The story of HIV in the UK and Europe is rooted in Wales. Our namesake, Terry Higgins, was born on 10 June 1945 in Priory Mount Hospital, Pembrokeshire. He lived with his mother in Haverfordwest and attended the local all-boys grammar school. He eventually left Wales, having served in the Navy, to live in London. He was the first named person to die of an AIDS-related illness.
It was Terry’s friend Martyn Butler who, alongside Terry’s then-partner, Rupert Whitaker, and other friends, founded our organisation to help those affected by the HIV epidemic. Born in Newport, Martyn raised the first funding for Terrence Higgins Trust and gave his home phone number to be our first helpline. He spoke time and again in the press about the loss of Terry in November 1982 and the difficult subject of HIV.
The first case of AIDS-related illness in Wales was of a haemophiliac in January 1983. When this was reported months later, Cardiff become the focus of immense media interest.
According to Daryl Leeworthy’s A Little Gay History of Wales, University College Swansea features strongly in the early epidemic – from a cleaners’ strike about a touring theatre group Gay Sweatshop, the university delaying the matriculation of a first year student with haemophilia and the UCS students’ union organising a stigma-busting ‘AIDS Awareness Week’.
In Autumn 1986, the Welsh Rugby Union order players be screened for HIV/AIDS, and people impacted by HIV/AIDS were banned from using Sports Council of Wales facilities and swimming pools run by Arfon Borough Council. Later in the same year, the Welsh AIDS Campaign was established but within twelve months was merged with Health Advisory Committee of Wales and ‘sank without trace’.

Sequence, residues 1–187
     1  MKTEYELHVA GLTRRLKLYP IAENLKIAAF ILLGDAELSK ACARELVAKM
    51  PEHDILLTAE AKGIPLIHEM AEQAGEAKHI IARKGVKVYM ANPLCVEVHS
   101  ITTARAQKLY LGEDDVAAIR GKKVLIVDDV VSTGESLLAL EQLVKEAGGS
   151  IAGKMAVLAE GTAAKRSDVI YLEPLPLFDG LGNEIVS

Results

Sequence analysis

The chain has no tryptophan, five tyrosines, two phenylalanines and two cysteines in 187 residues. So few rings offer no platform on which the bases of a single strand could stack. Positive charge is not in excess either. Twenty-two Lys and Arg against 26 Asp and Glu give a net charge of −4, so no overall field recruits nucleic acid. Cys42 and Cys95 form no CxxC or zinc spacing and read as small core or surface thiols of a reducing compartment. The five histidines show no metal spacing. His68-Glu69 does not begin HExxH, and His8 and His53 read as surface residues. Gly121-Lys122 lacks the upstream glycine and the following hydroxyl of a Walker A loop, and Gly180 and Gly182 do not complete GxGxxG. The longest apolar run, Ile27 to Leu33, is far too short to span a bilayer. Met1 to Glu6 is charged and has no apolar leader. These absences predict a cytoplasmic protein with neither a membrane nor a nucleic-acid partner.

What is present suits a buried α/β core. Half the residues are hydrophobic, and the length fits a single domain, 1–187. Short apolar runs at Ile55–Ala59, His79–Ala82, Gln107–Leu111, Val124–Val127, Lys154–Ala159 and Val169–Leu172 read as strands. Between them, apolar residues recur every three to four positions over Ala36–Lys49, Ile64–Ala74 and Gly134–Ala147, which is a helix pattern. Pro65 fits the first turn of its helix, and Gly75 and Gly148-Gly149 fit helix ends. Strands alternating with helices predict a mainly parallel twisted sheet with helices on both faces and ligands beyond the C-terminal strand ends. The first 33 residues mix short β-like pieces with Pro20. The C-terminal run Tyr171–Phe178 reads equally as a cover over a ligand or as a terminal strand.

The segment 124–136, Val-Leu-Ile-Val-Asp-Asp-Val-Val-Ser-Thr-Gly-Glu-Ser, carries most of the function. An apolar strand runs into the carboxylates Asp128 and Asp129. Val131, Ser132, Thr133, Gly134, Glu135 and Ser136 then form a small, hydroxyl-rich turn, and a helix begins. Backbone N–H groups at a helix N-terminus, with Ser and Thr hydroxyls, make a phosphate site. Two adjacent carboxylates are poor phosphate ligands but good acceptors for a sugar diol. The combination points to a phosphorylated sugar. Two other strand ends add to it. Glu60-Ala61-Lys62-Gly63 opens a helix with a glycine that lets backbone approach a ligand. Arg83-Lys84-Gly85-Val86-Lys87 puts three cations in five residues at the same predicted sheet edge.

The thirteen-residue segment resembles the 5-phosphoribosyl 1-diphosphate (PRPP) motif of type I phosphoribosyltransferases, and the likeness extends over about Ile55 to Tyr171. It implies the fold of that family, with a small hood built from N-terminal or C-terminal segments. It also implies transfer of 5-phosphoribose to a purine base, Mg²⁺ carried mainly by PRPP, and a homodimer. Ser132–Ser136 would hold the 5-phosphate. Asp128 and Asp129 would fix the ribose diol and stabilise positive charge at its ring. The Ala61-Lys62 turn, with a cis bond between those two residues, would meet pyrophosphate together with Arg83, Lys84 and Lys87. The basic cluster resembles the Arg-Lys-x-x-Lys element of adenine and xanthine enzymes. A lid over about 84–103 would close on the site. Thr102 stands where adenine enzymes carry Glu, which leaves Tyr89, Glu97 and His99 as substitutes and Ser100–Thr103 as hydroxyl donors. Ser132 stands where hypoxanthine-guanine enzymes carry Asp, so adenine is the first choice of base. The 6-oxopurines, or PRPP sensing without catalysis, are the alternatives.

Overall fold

Cardiff AIDS Helpline, launched in July 1986 with funding from South Glamorgan Health Authority, although it built on an earlier initiative run by community volunteers from Cardiff FRIEND. A counselling service followed in 1987; these services eventually came under the umbrella of the South Glamorgan AIDS Network. Gwent AIDS Helpline came into existence in 1987 through the auspices of the Gwent Centre for Health Promotion, but the Mid Glamorgan AIDS Helpline was not set up until the 1990s.
In the 1980s and 1990s, the numbers of people living with HIV were very low in Wales. In South Glamorgan, the county with the highest rates of HIV/AIDS infection in Wales, just 4 cases had been identified by the summer of 1986 (3 of whom had died) – a very small proportion of the 350 cases nationwide at the time. Just 14 cases had been identified by the end of 1989. As late as 1997, lechyd Morgannwg, then the health board for Swansea, Neath and Port Talbot, noted that just 40 people had been diagnosed with HIV/AIDS in West Glamorgan, of whom 26 had died. Every death represented a personal tragedy and untold heartache.
It was Terry’s friend, and son-of-Newport, Martyn Butler who alongside Terry’s then partner and other friends who founded our organisation to help those left behind. Martyn raised the first funding for the Terrence Higgins Trust, gave his home phone number to be our first helpline and spoke time and again in the press about the loss of Terry in November 1982 and the difficult subject of HIV.